On the Road
In the days following the Resurrection Christians just celebrated, Luke tells us that two of Jesus’ disciples were walking to Emmaus when a stranger joined their company. Their faces downcast as the newcomer asked what they were discussing, they conveyed their bewildered pain at having lost the one they’d come to believe was Israel’s Messiah, only to be further disturbed by rumors of an empty tomb. The stranger responded with severity, explicating (unprompted) the prophetic annals, but they walked companionably until reaching Emmaus at dusk, wherein the disciples—either out of growing intrigue or common decency—urged their new acquaintance to stay and sup with them. He accepted, and upon sitting down, the stranger took bread, gave thanks, broke it and began to give it to them.
“Then their eyes were opened and they recognized him.” The Host was he who they had invited to be their guest. Grace appeared in the midst of their attentive normalcy.
There is something about this story that leavens my fear of misdiagnosing God’s plan. Here were Jesus’ own disciples doing common things in an uncommon time—walking to a village after their Messiah had died, welcoming a stranger in the midst of internal disarray, sitting down to a meal just because it was time—and somehow, precisely in all of that, Grace opened their eyes to see the most astonishing familiarity. They encountered God—literally!—in an occasion of seeming happenstance, but He came in a way, and in a language, that they could not have foretold. Their wills enacted despite senselessness around them, and sight came as a gift.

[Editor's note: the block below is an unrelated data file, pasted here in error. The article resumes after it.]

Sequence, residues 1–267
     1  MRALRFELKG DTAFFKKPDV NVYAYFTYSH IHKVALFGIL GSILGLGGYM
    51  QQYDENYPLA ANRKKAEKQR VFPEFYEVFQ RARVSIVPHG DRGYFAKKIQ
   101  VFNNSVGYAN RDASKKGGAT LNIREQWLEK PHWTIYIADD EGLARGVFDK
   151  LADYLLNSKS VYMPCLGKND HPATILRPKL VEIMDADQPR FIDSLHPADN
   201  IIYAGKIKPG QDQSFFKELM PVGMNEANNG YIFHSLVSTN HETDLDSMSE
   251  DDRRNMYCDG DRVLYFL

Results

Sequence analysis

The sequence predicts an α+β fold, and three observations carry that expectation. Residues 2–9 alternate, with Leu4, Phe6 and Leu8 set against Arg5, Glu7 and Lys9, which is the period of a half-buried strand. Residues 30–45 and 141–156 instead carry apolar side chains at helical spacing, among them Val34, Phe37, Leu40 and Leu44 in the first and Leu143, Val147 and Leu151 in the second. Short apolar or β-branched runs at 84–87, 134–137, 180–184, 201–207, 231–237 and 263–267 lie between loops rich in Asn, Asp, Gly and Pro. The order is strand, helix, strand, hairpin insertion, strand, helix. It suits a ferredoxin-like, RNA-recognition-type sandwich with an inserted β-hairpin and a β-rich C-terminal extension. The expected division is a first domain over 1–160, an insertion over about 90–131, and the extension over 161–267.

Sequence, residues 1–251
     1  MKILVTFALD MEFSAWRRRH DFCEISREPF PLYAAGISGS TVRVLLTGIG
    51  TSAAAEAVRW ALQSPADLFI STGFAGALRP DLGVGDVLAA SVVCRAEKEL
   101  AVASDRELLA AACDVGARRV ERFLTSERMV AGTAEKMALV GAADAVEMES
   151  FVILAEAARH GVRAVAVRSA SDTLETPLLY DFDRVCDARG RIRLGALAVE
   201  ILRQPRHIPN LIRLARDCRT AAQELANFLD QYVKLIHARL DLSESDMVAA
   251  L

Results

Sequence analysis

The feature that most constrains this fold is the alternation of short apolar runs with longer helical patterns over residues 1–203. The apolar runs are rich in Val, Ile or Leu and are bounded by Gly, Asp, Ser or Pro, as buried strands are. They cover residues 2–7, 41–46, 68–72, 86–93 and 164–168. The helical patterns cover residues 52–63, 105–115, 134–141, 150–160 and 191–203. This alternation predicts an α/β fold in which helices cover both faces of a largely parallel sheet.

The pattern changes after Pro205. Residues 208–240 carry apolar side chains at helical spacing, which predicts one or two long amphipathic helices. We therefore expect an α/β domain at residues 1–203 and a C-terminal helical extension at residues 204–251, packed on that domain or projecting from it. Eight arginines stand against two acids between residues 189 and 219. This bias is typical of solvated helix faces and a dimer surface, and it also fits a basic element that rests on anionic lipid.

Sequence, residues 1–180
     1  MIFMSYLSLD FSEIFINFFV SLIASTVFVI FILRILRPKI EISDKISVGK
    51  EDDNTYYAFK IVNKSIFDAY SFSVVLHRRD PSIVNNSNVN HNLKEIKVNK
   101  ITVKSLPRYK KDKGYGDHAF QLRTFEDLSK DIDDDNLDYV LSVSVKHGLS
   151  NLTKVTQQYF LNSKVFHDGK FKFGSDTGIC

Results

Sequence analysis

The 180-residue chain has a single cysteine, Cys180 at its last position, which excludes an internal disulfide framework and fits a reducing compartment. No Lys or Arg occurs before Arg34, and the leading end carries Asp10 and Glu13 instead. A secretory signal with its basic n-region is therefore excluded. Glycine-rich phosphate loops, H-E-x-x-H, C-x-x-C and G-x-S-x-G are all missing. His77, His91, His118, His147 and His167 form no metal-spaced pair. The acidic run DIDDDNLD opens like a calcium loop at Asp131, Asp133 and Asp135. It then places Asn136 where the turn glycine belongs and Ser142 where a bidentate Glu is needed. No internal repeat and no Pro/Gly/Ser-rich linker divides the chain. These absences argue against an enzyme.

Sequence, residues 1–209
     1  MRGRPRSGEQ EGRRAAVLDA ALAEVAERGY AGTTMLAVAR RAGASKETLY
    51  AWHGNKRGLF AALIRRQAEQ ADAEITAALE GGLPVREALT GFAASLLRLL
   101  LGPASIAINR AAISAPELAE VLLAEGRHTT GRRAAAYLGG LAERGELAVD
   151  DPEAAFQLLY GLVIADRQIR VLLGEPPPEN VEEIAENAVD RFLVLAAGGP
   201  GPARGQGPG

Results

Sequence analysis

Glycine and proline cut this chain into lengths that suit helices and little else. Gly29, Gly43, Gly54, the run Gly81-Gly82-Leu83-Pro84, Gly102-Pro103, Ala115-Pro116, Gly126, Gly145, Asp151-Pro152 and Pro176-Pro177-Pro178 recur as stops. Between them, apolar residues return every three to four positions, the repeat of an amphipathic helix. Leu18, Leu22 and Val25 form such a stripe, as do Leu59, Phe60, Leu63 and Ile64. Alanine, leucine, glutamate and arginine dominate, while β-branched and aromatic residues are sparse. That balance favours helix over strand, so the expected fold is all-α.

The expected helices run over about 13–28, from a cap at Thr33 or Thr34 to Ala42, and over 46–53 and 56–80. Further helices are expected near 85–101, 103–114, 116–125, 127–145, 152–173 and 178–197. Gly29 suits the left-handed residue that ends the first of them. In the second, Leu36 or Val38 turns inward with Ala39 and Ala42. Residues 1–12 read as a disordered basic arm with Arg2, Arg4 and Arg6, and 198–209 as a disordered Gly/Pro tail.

So we believe in a God who acts, but not one who is waiting for us to graduate from his college of cosmic puzzle-piecing. He reveals Himself on the way, but likely not often in ways we can neatly tie together. Even so, perhaps thus so, we are not prisoners of some needle-in-a-haystack will that leaves us inert until we find it. Puppets are not human. Pilgrims receive and we honor, we pursue sight and we keep pursuing more. There is beauty in the intentions we craft with a view to invite God in as guest and host, to meet and guide us through mess and through sense, intentions that grow ever more graceful as our knowledge of He who we love goes further up and in.
Anne Snyder is a member of the Humane Pursuits editorial board. She is currently living in Houston, Texas, where she is studying the assimilation patterns of the city’s growing immigrant population while also working for the Laity Lodge Leadership Initiative. She has started a biweekly column for the Orange County Register and freelances elsewhere. Before moving to Houston she worked in the Op-Ed department of The New York Times in Washington, DC, and before that at World Affairs Journal and the Ethics and Public Policy Center. Originally from Boston but given the cross-cultural bug from a childhood spent in Hong Kong and Australia, she holds a B.A. from Wheaton College (IL) and an M.A. from Georgetown University.